• 9. UROLOGY SCOPE OF PRACTICE PGY-2 – PGY-5 The resident will develop an understanding of the ethics of the medical and urologic profession The resident will become an active participant in conference discussions and journal club presentations The resident will continue to assimilate the process of learning operative urology, including endourologic and laparoscopic procedures, open surgical procedures, pediatric surgical procedures, and lithotripsy The resident will learn the details of major urologic operative procedures by active participation in cases as time allows. The resident will develop an understanding of pre-operative assessment of patients and post- operative management of surgical patients The resident will be actively involved in an independent research or scholarly endeavor within the department PGY-4 By the end of the PGY-4 year, the resident will be able to evaluate all urologic patients under his or her care, and organize a plan of management acceptable to the chief resident and attending physician. This plan will include total assessment of the patient, evaluation and interpretation of all pertinent accompanying information, determination of appropriate diagnostic studies, and providing a rationale for therapy. The resident will further his or her understanding of adult anatomy and physiology as it relates to urologic patients The resident will further his or her understanding of the pediatric anatomy and physiology The resident will serve as the administrative chief of the pediatric service during his time on that service. Updated on 2/1/2010 Page 9 of 12 For information regarding this scope of practice, please contact: Tracy Washington, Resident Coordinator, (843) 792-4538, washintl@musc.edu www.muschealth.com/urology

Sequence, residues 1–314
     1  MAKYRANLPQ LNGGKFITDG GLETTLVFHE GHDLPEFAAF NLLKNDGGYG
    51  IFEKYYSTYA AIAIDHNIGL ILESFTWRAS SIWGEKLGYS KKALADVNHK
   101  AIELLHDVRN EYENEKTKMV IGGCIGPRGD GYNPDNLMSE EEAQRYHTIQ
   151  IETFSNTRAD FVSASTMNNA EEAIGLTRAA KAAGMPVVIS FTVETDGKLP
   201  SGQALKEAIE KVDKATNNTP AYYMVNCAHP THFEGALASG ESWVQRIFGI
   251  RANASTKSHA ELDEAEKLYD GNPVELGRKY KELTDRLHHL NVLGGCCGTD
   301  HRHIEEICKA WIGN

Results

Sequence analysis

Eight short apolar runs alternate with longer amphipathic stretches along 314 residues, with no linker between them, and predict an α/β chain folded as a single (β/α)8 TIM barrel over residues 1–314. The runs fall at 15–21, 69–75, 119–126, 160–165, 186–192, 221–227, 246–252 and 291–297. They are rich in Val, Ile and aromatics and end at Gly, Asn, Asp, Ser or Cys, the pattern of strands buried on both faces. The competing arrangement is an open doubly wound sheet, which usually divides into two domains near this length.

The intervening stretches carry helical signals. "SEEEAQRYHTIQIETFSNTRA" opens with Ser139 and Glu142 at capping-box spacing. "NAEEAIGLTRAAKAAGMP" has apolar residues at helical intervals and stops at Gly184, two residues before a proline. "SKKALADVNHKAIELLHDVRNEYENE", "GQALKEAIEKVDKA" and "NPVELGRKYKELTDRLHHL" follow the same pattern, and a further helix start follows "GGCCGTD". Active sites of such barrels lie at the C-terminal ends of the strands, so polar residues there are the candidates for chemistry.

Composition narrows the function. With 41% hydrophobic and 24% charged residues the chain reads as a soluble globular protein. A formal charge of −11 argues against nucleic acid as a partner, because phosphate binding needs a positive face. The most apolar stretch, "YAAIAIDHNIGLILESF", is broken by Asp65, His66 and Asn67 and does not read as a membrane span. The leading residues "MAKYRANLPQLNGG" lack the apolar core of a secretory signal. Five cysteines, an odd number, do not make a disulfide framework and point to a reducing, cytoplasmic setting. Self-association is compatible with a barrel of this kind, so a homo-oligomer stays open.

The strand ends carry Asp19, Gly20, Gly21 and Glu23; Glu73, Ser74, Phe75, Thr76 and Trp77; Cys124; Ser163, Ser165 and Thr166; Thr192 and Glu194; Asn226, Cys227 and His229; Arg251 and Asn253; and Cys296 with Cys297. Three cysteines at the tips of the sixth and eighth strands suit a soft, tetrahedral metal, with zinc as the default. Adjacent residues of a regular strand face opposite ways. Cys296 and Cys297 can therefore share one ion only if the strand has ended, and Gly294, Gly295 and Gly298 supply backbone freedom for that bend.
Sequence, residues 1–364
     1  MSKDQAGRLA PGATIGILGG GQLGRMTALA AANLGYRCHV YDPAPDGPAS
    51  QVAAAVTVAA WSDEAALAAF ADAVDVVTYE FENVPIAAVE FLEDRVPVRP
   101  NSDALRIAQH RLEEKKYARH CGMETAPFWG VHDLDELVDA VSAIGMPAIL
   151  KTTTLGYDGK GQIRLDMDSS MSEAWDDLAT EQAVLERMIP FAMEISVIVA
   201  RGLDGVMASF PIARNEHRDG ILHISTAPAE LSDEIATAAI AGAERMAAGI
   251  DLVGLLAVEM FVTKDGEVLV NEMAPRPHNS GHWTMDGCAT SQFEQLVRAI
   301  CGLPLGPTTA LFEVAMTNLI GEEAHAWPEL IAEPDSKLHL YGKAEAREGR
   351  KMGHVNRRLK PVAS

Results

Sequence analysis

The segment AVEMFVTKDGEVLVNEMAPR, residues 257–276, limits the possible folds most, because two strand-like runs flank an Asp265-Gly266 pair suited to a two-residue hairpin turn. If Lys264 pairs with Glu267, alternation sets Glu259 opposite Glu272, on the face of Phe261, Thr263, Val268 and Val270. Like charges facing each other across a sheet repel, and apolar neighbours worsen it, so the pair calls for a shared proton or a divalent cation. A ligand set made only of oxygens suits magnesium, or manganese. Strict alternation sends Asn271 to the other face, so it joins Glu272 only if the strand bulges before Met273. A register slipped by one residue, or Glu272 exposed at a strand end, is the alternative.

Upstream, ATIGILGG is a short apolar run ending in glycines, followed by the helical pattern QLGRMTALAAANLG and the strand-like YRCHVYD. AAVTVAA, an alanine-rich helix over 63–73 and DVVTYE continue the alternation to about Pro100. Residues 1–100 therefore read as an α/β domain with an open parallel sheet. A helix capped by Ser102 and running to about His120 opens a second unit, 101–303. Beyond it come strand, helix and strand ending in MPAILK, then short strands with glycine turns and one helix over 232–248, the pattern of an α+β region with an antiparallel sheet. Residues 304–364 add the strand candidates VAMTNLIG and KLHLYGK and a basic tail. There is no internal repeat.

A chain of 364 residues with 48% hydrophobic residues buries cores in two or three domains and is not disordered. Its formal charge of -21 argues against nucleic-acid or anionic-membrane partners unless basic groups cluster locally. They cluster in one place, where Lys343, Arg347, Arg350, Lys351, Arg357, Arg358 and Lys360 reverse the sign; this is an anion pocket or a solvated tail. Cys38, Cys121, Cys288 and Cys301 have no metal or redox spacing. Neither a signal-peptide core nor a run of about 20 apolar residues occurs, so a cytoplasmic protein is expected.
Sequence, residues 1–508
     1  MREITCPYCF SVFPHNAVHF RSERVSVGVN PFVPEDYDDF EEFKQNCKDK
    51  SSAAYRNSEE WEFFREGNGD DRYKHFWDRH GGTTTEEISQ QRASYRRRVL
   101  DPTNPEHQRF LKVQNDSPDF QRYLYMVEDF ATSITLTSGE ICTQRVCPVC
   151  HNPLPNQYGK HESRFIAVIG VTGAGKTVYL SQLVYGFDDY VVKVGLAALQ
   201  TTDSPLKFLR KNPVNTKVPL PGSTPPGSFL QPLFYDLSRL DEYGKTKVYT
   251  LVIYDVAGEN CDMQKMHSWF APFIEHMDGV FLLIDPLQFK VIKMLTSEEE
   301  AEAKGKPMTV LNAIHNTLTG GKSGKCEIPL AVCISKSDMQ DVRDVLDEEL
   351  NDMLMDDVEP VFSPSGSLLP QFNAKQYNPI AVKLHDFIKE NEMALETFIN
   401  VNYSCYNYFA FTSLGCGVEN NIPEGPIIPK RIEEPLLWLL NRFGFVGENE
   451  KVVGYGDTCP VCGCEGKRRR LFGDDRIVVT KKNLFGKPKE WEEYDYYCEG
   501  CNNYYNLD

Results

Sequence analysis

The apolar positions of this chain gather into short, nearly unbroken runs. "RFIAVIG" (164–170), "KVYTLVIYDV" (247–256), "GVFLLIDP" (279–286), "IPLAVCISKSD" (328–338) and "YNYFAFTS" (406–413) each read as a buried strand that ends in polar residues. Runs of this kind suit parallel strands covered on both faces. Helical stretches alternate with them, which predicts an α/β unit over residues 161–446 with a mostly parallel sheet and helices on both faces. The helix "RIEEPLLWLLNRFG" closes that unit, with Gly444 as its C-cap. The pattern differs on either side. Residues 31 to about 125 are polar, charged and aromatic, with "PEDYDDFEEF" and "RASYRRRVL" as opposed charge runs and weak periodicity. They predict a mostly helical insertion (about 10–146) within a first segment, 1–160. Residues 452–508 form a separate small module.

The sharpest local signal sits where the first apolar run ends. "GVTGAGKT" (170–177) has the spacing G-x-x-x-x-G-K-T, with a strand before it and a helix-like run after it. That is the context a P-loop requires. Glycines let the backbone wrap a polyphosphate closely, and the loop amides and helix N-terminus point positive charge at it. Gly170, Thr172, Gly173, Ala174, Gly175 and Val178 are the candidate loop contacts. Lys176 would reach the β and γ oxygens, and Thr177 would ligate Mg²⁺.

• 10. UROLOGY SCOPE OF PRACTICE PGY-2 – PGY-5 The resident will understand complex urologic disease including uro-oncology, benign diseases of the prostate, voiding dysfunction, chronic and acute renal failure, male infertility, and erectile dysfunction. The resident will become proficient in office based urology, including the initial evaluation of adult urologic patients, performance of office based procedures, including, but not limited to cystoscopy, transrectal ultrasound and prostate biopsy, vasectomy, and urodynamic studies The resident will finalize the process of learning all medical and surgical urology as it relates to the pediatric population The resident will develop an understanding of socio-economic issues related to medicine, including the practice of delivering cost effective medical care The resident will develop an understanding of the ethics of the medical and urologic profession The resident will become an active participant in conference discussions and journal club presentation The resident will continue to assimilate the skills and acquire the necessary judgment inherent in operative urology, including endourologic and laparoscopic procedures, simple open surgical procedures, and lithotripsy The resident will learn the details of major urologic operative procedures by active participation in cases as time allows. The resident will develop an understanding of pre-operative assessment of patients and post- operative management of surgical patients By the end of the PGY-4 year, the resident will have completed an independent research or scholarly endeavor and will prepare for presentation at a major academic meeting or will have a manuscript submitted for publication. Updated on 2/1/2010 Page 10 of 12 For information regarding this scope of practice, please contact: Tracy Washington, Resident Coordinator, (843) 792-4538, washintl@musc.edu www.muschealth.com/urology